A Federal judge denied an application for a writ of habeas corpus for Vallandigham, declaring that the military trial was a valid use of presidential war powers based on a law passed in March 1863 suspending habeas corpus throughout the U.S. When the Chicago Times backed Vallandigham and attacked the Lincoln administration, Burnside closed the newspaper down. Meanwhile, a protest group in Albany, New York sent resolutions to Lincoln condemning Vallandigham’s conviction.[9]

Recognizing the political problem of such a harsh punishment, President Lincoln sought a compromise by publicly supporting Vallandigham’s arrest but commuting his sentence. Lincoln ordered the former congressman banished to the Confederacy, and he also directed Stanton to reopen the Chicago Times. Federal cavalry soon escorted Vallandigham to Tennessee, and, wanting nothing to do with him, Confederate officials quickly shipped him to Canada.[10]

Meanwhile, protests continued throughout the month. Petitions to free Vallandigham circulated in Ohio, and New Jersey Governor Joel Parker told an audience in Newark that the conviction and deportation “were arbitrary and illegal acts. The whole proceeding was wrong in principle and dangerous in its tendency.” Republican Governor and Lincoln ally Oliver P. Morton of Indiana criticized Lincoln’s actions for harming the war effort in Indiana and neighboring states. Despite such mass indignation, Lincoln refused Burnside’s offer to resign.[11]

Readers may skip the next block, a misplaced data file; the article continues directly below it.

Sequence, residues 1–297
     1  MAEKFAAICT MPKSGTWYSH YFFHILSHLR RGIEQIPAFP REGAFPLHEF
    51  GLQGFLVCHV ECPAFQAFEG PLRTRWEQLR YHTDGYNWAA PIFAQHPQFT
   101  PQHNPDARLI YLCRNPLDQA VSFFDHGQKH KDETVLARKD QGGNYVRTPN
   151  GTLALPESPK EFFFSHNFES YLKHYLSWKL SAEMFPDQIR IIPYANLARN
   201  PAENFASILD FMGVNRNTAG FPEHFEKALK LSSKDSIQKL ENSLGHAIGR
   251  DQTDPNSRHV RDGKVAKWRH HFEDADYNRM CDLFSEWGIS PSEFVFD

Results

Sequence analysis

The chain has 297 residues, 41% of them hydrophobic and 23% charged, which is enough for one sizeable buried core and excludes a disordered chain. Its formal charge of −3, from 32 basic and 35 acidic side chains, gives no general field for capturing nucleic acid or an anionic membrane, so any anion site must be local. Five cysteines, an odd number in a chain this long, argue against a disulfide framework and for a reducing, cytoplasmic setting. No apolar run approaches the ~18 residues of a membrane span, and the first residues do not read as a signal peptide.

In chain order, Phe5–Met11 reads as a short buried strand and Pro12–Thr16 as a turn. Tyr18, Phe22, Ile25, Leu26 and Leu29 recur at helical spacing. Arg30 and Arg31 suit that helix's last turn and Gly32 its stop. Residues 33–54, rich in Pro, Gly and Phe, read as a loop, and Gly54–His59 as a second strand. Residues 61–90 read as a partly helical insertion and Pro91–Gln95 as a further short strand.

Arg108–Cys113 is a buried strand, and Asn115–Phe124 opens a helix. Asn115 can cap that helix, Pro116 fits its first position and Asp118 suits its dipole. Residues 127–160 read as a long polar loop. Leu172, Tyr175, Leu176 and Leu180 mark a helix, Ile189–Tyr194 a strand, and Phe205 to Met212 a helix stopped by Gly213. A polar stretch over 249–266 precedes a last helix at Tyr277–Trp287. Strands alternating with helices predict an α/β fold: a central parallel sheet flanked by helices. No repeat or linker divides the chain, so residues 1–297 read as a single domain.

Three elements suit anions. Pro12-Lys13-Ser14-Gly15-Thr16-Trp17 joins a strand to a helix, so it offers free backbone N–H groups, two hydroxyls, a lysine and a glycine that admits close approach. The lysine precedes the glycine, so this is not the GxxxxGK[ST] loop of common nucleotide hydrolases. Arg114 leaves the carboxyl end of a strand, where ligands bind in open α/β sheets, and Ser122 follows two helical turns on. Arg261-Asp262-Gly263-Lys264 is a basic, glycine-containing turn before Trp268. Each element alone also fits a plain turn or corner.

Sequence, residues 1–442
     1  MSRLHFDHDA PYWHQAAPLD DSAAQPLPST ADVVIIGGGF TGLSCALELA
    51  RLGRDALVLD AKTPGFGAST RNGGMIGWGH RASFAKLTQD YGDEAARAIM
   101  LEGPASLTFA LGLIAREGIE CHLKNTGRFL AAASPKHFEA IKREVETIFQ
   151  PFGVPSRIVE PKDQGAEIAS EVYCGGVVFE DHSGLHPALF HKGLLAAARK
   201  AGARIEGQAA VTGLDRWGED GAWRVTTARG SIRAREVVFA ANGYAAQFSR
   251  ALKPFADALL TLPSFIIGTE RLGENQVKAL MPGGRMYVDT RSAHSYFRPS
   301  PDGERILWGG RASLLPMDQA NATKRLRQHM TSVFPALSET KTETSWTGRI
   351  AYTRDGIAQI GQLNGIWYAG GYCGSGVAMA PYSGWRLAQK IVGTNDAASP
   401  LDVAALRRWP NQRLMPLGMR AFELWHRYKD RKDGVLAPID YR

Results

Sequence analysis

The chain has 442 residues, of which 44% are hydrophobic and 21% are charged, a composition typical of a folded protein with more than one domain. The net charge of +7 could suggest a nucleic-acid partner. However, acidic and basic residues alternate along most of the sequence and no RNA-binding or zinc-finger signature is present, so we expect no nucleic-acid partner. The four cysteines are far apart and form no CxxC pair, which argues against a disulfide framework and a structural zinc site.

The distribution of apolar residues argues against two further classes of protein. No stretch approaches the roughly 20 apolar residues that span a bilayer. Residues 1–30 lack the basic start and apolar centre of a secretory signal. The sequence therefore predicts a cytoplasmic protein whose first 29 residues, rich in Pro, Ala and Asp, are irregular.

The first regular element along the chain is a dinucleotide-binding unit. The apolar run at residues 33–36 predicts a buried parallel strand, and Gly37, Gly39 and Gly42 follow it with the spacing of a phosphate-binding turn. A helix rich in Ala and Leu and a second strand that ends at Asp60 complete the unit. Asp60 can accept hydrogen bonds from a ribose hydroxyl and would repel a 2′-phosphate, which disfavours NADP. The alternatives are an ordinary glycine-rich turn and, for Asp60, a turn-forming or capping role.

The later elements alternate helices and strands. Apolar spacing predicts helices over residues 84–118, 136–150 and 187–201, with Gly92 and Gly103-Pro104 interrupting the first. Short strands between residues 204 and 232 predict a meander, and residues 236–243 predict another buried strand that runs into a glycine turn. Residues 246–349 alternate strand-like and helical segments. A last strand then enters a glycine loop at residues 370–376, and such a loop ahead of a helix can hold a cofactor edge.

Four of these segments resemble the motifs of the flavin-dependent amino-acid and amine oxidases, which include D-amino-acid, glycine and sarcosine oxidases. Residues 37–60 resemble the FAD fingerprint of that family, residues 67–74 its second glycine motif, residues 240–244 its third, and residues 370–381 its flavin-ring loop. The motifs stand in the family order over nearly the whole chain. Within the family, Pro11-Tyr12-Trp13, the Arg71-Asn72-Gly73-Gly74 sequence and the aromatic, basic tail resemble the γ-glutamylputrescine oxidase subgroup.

—–

[1] Foote, Shelby, The Civil War: A Narrative: Volume 2: Fredericksburg to Meridian (Vintage Civil War Library, Knopf Doubleday Publishing Group, Kindle Edition, 2011), p. 632

[2] Foote, Shelby, The Civil War: A Narrative: Volume 2: Fredericksburg to Meridian (Vintage Civil War Library, Knopf Doubleday Publishing Group, Kindle Edition, 2011), p. 632; Goodwin, Doris Kearns, Team of Rivals: The Political Genius of Abraham Lincoln (New York: Simon and Schuster, 2005), p. 522-24; Ward, Geoffrey C., Burns, Ric, Burns, Ken, The Civil War (New York: Alfred A. Knopf, 1990), p. 188-89

[3] Foote, Shelby, The Civil War: A Narrative: Volume 2: Fredericksburg to Meridian (Vintage Civil War Library, Knopf Doubleday Publishing Group, Kindle Edition, 2011), p. 632-33; Goodwin, Doris Kearns, Team of Rivals: The Political Genius of Abraham Lincoln (New York: Simon and Schuster, 2005), p. 522-24; Long, E.B. with Long, Barbara, The Civil War Day by Day (New York: Da Capo Press, Inc., 1971), p. 349; Ward, Geoffrey C., Burns, Ric, Burns, Ken, The Civil War (New York: Alfred A. Knopf, 1990), p. 188-89

[4] Lincoln, Abraham, Abraham Lincoln Complete Works, Vol. Two (New York, NY: The Century Co., 1920), edited by John G. Nicolay and John Hay, p. 239; Vallandigham, Clement Laird, The Trial Hon. Clement L. Vallandigham by a Military Commission: and the Proceedings Under His Application for a Writ of Habeas Corpus in the Circuit Court of the United States for the Southern District of Ohio (Cincinnati, OH: Rickey and Carroll, 1863), p. 11

[5] Vallandigham, Clement Laird, The Trial Hon. Clement L. Vallandigham by a Military Commission: and the Proceedings Under His Application for a Writ of Habeas Corpus in the Circuit Court of the United States for the Southern District of Ohio (Cincinnati, OH: Rickey and Carroll, 1863), p. 11| 23| 33; Ward, Geoffrey C., Burns, Ric, Burns, Ken, The Civil War (New York: Alfred A. Knopf, 1990), p. 188-89